Chartwells addresses concerns about religious dietary restrictions


James Bartlett

Workers prepare food at the Smith Cafe

Despite recent student complaints about the dining quality on campus, Chartwells is working to provide inclusive options for those with religious dietary restrictions.

Many students felt that Sodexo, the previous dining service, failed to provide food to those with specific dietary needs in years past. Miki Larson, an interior design student and vegan, said to the Journal last year that Sodexo’s options were lackluster. 

“I often felt really defeated trying to find something of nutritional value to eat,” said Larson.

Students hoped that Chartwells would provide more options for those with concerns.

Michael Edwards, general manager of Chartwells at Suffolk, discussed the company’s efforts to provide food for those with dietary restrictions in an email sent to The Suffolk Journal last month.

“We are working with our regional culinary team to revamp the menus to include additional vegan, vegetarian and halal meats,” Edwards said. “Currently all our chicken products at the global station are non-breaded halal.”

Rev. Amy Fisher, the university chaplain and director of the Interfaith Center, said that Chartwells has held up to expectations set by students with religious dietary restrictions so far.

“[Chartwells] has been very open to discussion. They confirmed as recently as last Monday that the chicken breast was certified halal in all full service cafès,” Fisher said. “What I’m waiting for is confirmation on halal grab and go options in those places.”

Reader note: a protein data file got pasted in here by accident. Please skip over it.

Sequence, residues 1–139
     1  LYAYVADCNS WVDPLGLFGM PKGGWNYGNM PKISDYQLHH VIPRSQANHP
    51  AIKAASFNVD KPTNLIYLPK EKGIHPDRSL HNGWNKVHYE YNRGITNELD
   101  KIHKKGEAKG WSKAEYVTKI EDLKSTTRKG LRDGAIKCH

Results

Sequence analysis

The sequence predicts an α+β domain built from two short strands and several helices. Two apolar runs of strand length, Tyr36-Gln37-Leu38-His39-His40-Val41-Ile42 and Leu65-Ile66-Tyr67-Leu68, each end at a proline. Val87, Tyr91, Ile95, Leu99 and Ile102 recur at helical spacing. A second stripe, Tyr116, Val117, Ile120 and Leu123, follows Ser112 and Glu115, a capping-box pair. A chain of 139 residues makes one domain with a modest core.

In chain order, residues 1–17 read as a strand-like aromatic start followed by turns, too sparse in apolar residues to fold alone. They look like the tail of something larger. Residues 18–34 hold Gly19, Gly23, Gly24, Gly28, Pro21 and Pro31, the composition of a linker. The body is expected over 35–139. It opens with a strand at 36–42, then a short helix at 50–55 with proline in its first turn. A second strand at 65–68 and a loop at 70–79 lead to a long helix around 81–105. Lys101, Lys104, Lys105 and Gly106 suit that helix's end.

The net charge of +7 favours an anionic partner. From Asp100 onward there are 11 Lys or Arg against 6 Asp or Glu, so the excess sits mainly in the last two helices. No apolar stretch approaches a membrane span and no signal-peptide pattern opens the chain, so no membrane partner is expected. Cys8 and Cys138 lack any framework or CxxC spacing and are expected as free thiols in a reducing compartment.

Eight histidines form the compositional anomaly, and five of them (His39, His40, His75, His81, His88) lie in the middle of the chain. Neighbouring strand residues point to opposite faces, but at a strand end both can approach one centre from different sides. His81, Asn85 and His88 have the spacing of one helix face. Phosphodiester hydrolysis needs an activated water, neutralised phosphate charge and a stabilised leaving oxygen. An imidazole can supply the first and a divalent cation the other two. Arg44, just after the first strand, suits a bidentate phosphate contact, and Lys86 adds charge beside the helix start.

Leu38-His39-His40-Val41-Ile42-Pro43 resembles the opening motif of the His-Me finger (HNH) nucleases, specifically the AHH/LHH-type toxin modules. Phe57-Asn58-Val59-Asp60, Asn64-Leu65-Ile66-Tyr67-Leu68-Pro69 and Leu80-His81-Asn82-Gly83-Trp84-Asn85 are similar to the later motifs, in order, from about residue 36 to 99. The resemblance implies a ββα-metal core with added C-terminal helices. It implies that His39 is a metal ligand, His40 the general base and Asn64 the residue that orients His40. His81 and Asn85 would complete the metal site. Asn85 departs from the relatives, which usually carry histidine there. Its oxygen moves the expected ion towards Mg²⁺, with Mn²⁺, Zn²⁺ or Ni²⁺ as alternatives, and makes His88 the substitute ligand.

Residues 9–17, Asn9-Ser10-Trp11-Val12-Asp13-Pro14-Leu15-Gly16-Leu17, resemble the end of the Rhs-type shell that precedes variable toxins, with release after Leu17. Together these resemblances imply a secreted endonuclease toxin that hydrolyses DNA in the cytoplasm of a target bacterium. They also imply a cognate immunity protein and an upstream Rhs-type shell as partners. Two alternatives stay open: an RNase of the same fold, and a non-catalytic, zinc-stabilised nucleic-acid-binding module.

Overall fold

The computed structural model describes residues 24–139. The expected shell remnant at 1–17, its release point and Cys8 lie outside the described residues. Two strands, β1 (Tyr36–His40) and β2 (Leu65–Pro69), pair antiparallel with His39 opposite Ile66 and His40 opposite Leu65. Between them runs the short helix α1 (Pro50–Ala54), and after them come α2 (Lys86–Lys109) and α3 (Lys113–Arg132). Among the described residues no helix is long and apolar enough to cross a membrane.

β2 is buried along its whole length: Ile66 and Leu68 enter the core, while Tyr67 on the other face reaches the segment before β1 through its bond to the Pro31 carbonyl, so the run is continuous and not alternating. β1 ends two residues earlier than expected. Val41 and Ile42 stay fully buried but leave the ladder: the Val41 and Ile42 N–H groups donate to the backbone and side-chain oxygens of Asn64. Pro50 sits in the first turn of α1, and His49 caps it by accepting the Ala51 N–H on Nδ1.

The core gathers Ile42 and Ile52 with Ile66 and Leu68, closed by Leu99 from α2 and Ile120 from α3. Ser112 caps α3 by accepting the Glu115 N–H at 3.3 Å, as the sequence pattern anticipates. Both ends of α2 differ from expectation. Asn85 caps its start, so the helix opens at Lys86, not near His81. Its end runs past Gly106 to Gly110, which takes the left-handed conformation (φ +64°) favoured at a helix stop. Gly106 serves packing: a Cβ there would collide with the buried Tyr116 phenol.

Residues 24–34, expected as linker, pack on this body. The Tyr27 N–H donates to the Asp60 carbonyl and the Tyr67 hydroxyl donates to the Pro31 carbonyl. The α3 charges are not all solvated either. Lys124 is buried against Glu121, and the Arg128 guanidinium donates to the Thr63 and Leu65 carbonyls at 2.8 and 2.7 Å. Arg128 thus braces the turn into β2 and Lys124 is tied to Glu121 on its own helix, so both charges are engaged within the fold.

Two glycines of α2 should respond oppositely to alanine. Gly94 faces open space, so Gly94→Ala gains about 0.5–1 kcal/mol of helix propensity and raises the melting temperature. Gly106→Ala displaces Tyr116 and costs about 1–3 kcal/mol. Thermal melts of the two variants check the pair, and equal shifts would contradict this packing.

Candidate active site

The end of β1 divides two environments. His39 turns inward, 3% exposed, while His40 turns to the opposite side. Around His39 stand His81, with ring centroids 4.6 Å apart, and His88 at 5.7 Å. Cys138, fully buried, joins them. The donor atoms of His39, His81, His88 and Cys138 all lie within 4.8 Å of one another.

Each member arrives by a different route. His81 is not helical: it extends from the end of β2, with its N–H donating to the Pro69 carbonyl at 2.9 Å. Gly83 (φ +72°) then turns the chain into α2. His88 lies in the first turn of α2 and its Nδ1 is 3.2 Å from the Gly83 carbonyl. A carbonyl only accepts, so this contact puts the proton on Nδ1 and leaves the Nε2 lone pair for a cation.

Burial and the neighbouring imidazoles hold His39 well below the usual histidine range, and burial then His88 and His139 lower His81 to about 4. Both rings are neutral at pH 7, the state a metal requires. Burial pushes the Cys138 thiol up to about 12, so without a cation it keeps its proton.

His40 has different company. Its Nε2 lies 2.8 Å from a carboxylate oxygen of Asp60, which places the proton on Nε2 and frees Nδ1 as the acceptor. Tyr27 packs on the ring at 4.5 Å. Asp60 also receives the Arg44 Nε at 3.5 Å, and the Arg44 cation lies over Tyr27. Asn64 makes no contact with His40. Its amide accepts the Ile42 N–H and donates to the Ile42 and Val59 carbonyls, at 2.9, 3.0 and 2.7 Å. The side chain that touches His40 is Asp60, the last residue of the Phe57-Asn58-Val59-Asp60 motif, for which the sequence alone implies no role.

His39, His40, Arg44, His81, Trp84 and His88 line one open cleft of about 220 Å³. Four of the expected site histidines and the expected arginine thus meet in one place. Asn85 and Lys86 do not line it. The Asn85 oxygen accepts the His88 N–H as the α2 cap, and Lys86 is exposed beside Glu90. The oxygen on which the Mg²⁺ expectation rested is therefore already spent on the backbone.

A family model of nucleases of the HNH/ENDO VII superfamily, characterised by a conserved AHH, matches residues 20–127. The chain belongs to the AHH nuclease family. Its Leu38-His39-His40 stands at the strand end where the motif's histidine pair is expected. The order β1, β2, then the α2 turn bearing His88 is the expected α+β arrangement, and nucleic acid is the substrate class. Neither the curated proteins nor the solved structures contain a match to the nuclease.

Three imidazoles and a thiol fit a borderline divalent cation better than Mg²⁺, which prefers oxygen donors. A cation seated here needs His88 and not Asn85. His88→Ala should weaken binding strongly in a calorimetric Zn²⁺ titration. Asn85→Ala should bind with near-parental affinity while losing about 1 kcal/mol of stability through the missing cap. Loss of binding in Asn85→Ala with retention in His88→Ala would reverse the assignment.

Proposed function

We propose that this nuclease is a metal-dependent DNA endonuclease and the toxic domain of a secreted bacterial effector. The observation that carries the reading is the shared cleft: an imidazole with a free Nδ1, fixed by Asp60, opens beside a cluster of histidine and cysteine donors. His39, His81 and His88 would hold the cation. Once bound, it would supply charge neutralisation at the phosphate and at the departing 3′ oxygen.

Fisher said kosher foods can be more complicated to serve due to the need for separate kitchens. However, she said that supplying grab and go options is an important step that Chartwells has taken.

Since the grab and go options are not cooked on campus, students have a different experience with the food.

“I’m not hearing bad things about it, but the expectations are very different on pre-packaged kosher foods,” Fisher said. “I’m hearing that economically, it’s more expensive for students, but that’s just the reality of the kosher food certification.”

Fisher explained that she asks kosher and halal-restricted students to go out to dining halls and cafès to report back on what options are actually in place. 

“What happens is that it’s Jewish students that actually go out and confirm for me what they have and if it’s edible,” Fisher said. 

Fisher said that any students with concerns about religious dietary restrictions should contact her at [email protected].edu.